What Should I Do When Your AC Unit has Frozen Evaporator Coils
In the midst of a boiling hot summer here in the Coachella Valley, a frozen evaporator coil might sound like a great way to cool down! Unfortunately, this is an air conditioner problem that will prevent your home from cooling properly and can lead to system breakdowns. Today we’re going to talk about why evaporator coils can freeze over and what you should do if it happens to your A/C!
What are your air conditioner’s evaporator coils?
The evaporator coils are located in the indoor portion of your air conditioner. When your air handler blows return air over the coils, the refrigerant inside the coils absorbs the air’s heat. As a result, the temperature of the return air is lowered and the cool air (now the supply air) is sent back to your home’s living spaces.
Why can evaporator coils freeze over?
In addition to cooling your home’s air, your air conditioner also dehumidifies it. When air is dehumidified, moisture is pulled out of it. This moisture is known as condensation, and it builds up on and drips off of your evaporator coils.
Normally, this is not a problem. The condensation drips into the drip pan and is drained out. If something is wrong with your air conditioner, however, that condensation can freeze up and build a layer of ice on your evaporator coils.
What causes frozen evaporator coils?
Frozen evaporator coils can be caused by a number of different problems. Some of the most common include:
- Airflow issues. There are many ways that your air conditioner can develop airflow issues (a clogged air filter, duct leaks and blocked air registers, to name a few). If there is not enough return air blowing over your evaporator coils, your coils won’t have enough heat to absorb and they run the risk of freezing over.
- Dirty evaporator coils. If you don’t schedule annual tune-ups for your air conditioner, or if you’re running your system with a dirty filter, dirt can build up on your evaporator coils. Along with causing comfort and efficiency issues, a layer of dirt on your coils will make it harder for them to absorb heat from your home’s air. Again, this can cause them to freeze over.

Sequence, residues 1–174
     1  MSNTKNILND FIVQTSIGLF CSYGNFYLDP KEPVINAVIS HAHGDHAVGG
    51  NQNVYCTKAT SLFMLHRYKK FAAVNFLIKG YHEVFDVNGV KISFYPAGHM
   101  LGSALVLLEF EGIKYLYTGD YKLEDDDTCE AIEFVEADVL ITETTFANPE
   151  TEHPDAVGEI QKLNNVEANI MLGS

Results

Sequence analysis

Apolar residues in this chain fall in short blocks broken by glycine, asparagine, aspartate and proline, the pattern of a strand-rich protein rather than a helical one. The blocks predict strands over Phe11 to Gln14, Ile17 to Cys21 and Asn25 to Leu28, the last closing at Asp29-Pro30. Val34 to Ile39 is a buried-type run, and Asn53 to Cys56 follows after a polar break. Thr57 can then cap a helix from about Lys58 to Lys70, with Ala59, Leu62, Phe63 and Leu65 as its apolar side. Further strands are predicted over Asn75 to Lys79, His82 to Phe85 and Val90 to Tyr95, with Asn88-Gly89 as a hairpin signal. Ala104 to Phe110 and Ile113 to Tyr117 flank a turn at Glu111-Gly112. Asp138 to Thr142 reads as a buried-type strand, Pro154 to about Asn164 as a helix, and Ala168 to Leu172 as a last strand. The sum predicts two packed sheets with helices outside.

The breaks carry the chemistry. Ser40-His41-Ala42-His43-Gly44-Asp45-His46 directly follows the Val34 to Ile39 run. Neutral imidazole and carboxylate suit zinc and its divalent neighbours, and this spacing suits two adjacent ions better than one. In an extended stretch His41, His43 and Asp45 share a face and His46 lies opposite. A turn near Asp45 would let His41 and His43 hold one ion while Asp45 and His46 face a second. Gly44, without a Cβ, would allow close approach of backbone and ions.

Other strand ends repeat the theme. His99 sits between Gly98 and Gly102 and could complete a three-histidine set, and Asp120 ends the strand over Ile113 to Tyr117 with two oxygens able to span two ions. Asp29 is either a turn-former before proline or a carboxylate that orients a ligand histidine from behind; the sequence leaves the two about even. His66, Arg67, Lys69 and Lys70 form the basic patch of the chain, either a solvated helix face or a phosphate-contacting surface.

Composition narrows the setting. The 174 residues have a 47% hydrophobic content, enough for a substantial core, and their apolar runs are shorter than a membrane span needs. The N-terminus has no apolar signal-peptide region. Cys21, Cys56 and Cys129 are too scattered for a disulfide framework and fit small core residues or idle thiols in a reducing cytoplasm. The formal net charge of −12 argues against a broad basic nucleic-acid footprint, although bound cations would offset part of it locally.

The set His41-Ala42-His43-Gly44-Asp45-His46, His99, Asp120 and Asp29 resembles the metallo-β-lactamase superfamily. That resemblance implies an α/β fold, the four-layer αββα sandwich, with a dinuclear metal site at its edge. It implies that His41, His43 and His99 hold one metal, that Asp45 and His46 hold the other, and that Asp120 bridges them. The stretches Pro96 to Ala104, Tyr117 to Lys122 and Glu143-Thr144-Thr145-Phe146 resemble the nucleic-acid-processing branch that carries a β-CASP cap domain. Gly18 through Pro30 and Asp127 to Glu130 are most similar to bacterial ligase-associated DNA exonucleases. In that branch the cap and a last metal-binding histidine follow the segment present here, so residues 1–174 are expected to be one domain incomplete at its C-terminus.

- Low refrigerant levels. If your air conditioner has a refrigerant leak another issue which would be caught during your annual tune-up), it will not have an adequate amount of refrigerant to absorb heat from your home’s air. Without something to remove the heat, the coils can freeze up.
What should you do if you have frozen evaporator coils?
If your evaporator coils freeze over, give Hydes a call as soon as you can so we can get to the root of the problem and prevent it from happening again. While you’re waiting for us to arrive, go to your thermostat and turn it from “cool” to “off” in order to start the thawing process.
If you have any questions about a frozen evaporator coil, or if you’d like a cooling system serviced or installed in your home, contact Hydes, your Coachella Valley air conditioning contractor.Cleaning Your AC Coils Improves System Performance » « The Best Thermostat Setting